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In Part 1 of our lesson on playing styles, I explained that in golf, the “best” swing is the one that gets the ball into the hole in as few strokes as possible. The technical parts of a swing — the club’s plane or angle of approach, the player’s weight transfer, movement, or balance, etc. — aren’t important in and of themselves.
That same logic applies to poker. The “best” playing style isn’t defined by specific technical criteria, but rather by the results it brings to the player and whether those results are aligned with the player’s goals. In golf, the player’s goal is pretty much always to get the ball into the hole in as few strokes as possible. In poker, however, each player may have their own reasons for sitting down at the table: Some may want to grind out a small but steady profit, some may want to simply come close to breaking even while enjoying their time playing, and some may prefer to “gamble” even if it means dealing with large swings in their bankroll.
Because most people who play poker are doing so for recreation rather than income, each of these “goals” are equally valid and understandable. The playing styles optimal for achieving them, however, vary wildly.
In part 1, I introduced the two spectrums we use to measure and identify a player’s style — the Hand Selection Spectrum and the Aggressiveness Spectrum. In part 2, I will teach you how to combine a player’s positions on those spectrums into one easy-to-understand “player type”, and then how to use your online poker site’s “Notes” function to record that type and then tailor it as you learn more and more about them.
Review: The Spectrums
Remember, when we are analyzing a player’s tendencies, we must identify a place for them on each of two spectrums: The Hand Selection Spectrum and the Aggressiveness Spectrum.
I find it is easiest to visualize these two spectrums as the axes of a graph, with the Hand Selection Spectrum laying horizontally (the “X” axis) and the Aggressiveness Spectrum laying vertically (the “Y” axis).
The Hand Selection Spectrum goes from “Very Tight” all the way on the left, to “Very Loose” all the way on the right. The Aggressiveness Spectrum goes from “Very Aggressive” all the way at the top, to “Very Passive” all the way at the bottom.
Following this method divides the graph into four equal sections, which makes it easy to visualize the four most common player types:
1. Tight/Aggressive (TAG)
2. Loose/Aggressive (LAG)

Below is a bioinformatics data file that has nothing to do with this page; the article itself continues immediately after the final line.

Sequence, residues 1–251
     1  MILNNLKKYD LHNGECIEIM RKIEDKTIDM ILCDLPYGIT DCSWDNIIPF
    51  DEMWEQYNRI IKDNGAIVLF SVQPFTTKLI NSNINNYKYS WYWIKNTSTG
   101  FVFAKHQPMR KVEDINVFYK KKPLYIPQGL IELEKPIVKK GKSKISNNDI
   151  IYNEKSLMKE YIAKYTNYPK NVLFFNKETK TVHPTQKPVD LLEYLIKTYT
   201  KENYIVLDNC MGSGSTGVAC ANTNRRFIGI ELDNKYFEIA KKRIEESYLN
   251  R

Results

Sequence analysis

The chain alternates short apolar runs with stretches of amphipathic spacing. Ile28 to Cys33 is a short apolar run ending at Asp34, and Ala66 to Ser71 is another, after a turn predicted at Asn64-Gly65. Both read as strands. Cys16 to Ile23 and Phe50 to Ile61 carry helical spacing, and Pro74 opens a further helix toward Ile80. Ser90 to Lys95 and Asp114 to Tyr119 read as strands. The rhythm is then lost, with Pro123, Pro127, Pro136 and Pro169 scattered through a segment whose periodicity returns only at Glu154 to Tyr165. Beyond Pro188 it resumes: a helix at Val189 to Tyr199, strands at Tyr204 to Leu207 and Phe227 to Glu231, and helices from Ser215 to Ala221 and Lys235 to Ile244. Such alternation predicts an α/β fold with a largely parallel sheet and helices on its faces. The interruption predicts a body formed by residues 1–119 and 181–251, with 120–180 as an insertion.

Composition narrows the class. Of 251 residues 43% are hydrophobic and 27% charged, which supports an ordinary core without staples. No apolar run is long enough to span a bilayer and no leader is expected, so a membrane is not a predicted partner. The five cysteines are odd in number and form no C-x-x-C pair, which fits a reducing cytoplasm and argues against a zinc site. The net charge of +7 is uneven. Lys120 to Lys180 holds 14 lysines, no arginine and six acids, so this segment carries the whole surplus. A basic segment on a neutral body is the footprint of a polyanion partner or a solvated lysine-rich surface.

3. Tight/Passive (TIP)
4. Loose/Passive (LOP)
As your experience increases and your understanding of these types becomes more nuanced, the graph may start looking more like this, with each quadrant divided into a few sections, creating more like 8-10 player types:
Assigning a Player Type
Identifying someone’s player type is as simple as combining their position on the Hand Selection Spectrum with their position on the Aggressiveness Spectrum. How many player types you designate, and how you name those player types, is up to you, but here is a fairly simple way to divide the graph along with some of the most common names used for each player type:
Player Notes: Your New Best Friend
Every online poker site — except Bovada/Ignition, because of their anonymous opponent system — has some sort of “Notes” feature built into their interface. Usually, a double or right click on the opponent’s name or avatar will bring up a small box in which you can jot down anything you want, and that note will stay attached to that opponent forever, so if they go away but then end up at a table with you months from now, your note will still be there. This feature might be the most useful and important thing you’ll use when playing online.
The notes feature is the perfect way to take advantage of our simple yet indispensable Player Type graph. By giving each of the player types you’ve designated a name, you have an easy way to summarize almost everything you know about a player into just a word or two. I highly recommend beginning every opponent’s notes section with the name of the player type to which you believe they belong. This way, you always have a way to very quickly narrow down their possible range of hands.